Unveiling the mechanisms of lithium dendrite suppression by cationic polymer film induced solid–electrolyte interphase modification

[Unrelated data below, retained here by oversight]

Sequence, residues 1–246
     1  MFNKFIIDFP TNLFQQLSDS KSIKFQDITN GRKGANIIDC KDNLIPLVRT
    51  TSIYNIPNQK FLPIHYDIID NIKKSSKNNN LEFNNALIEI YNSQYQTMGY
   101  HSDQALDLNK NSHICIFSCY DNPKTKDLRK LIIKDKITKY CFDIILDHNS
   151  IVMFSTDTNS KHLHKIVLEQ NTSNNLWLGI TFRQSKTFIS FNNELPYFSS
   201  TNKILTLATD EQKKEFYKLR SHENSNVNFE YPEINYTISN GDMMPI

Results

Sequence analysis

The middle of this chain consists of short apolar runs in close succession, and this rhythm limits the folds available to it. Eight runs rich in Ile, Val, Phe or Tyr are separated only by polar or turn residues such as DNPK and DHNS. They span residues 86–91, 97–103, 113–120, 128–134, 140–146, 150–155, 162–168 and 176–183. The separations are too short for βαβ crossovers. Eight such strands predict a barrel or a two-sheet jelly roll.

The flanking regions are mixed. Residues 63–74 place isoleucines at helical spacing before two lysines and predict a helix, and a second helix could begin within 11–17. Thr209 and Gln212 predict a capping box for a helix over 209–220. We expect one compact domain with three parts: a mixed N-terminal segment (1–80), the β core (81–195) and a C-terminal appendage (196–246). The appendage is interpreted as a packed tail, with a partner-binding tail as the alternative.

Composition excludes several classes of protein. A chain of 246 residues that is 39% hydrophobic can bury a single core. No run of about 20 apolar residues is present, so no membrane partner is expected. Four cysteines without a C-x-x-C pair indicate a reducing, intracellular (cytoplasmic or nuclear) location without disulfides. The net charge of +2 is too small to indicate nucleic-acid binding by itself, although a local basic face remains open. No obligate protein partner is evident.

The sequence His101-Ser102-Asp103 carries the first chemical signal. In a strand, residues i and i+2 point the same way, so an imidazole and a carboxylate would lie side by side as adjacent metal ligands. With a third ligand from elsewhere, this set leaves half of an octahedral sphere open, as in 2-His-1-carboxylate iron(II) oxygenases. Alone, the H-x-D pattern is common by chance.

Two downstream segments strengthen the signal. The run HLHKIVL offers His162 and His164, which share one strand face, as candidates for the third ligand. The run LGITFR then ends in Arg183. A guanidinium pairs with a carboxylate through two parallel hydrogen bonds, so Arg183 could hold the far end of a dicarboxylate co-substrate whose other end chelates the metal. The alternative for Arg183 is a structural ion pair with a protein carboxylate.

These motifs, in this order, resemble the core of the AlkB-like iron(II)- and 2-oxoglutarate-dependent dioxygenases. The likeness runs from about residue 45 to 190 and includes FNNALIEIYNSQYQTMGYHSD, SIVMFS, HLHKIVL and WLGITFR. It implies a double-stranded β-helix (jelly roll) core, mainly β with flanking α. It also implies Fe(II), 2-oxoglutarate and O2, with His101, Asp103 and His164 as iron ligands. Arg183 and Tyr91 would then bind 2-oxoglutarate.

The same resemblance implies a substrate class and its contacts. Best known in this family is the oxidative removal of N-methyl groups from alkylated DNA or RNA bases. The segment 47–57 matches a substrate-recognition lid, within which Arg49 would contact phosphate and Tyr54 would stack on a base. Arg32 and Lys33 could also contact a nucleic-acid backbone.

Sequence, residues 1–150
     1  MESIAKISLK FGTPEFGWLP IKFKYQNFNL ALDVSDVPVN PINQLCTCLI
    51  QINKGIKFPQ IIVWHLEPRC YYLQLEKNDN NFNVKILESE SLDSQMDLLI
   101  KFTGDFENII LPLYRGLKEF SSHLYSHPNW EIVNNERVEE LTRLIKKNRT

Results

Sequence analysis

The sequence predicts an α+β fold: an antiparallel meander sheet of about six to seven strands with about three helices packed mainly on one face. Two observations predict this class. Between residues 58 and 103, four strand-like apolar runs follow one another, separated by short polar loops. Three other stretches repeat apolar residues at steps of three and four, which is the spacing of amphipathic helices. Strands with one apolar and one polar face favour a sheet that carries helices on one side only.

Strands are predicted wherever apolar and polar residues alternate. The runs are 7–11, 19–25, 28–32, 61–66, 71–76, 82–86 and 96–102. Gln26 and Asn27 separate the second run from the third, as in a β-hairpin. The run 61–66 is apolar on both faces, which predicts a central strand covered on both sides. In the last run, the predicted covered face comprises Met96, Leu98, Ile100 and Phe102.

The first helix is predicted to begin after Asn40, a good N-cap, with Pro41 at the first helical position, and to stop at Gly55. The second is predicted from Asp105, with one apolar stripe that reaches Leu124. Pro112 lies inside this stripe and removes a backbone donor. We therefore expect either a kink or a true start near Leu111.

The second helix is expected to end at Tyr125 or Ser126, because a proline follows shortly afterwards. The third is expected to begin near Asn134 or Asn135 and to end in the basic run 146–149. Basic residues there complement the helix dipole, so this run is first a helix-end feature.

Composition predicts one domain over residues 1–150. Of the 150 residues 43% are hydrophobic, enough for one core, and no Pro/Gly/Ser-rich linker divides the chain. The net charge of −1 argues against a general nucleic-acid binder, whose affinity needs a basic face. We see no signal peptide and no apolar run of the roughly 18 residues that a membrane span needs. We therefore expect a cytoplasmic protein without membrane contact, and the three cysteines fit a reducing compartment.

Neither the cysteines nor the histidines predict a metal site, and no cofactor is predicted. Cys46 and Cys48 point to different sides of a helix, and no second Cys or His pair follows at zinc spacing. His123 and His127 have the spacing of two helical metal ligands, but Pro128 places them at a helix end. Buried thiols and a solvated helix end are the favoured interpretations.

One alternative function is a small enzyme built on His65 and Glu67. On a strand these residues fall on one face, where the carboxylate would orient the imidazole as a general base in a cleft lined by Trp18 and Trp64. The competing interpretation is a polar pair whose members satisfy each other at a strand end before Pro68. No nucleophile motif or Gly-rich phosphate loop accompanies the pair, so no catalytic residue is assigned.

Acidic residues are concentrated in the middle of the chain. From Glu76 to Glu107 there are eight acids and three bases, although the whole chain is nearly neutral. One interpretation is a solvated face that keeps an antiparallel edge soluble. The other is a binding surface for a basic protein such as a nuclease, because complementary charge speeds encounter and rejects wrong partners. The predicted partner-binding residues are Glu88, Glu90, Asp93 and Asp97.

t is crucial to suppress lithium dendrite formation in lithium metal batteries. Formation of a good solid–electrolyte interphase (SEI) has been considered to be effective in limiting lithium dendrite growth. However, how the SEI may be modified during lithium deposition is hard to resolve due to challenges in in situ investigation of the SEI with fine details. We report an in situ study that uncovers the lithium dendrite suppression mechanism arising from SEI modification by a poly(diallyldimethylammonium chloride) (PDDA) cationic polymer film, using electrochemical liquid cell transmission electron microscopy (TEM). Lithium nanogranules are obtained in the presence of the polymer film. Chemical mapping of the deposits provides remarkable details of the SEI on individual nanogranules. It shows that lithium fluorides are uniformly distributed within the inner SEI layer of individual lithium nanogranules, arising from the instantaneous reaction of the deposited lithium with PF6− ions accumulated by the cationic polymer film, and thus the dendritic growth of lithium is prohibited. The ability to directly measure SEI chemistry at the nanoscale down to the individual nanograins in situ and unveil its correlation with the lithium deposition behavior opens future opportunities to explore unsolved mechanisms in batteries.